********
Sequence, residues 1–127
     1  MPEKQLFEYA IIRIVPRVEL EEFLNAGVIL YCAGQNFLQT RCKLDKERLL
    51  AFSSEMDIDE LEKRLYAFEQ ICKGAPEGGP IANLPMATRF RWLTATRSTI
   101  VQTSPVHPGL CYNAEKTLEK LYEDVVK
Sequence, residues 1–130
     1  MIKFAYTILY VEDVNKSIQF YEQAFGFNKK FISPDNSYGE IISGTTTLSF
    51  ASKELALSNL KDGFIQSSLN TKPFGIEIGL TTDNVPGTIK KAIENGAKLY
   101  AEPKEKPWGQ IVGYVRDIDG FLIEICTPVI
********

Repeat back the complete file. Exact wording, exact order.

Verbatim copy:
Sequence, residues 1–127
     1  MPEKQLFEYA IIRIVPRVEL EEFLNAGVIL YCAGQNFLQT RCKLDKERLL
    51  AFSSEMDIDE LEKRLYAFEQ ICKGAPEGGP IANLPMATRF RWLTATRSTI
   101  VQTSPVHPGL CYNAEKTLEK LYEDVVK
Sequence, residues 1–130
     1  MIKFAYTILY VEDVNKSIQF YEQAFGFNKK FISPDNSYGE IISGTTTLSF
    51  ASKELALSNL KDGFIQSSLN TKPFGIEIGL TTDNVPGTIK KAIENGAKLY
   101  AEPKEKPWGQ IVGYVRDIDG FLIEICTPVI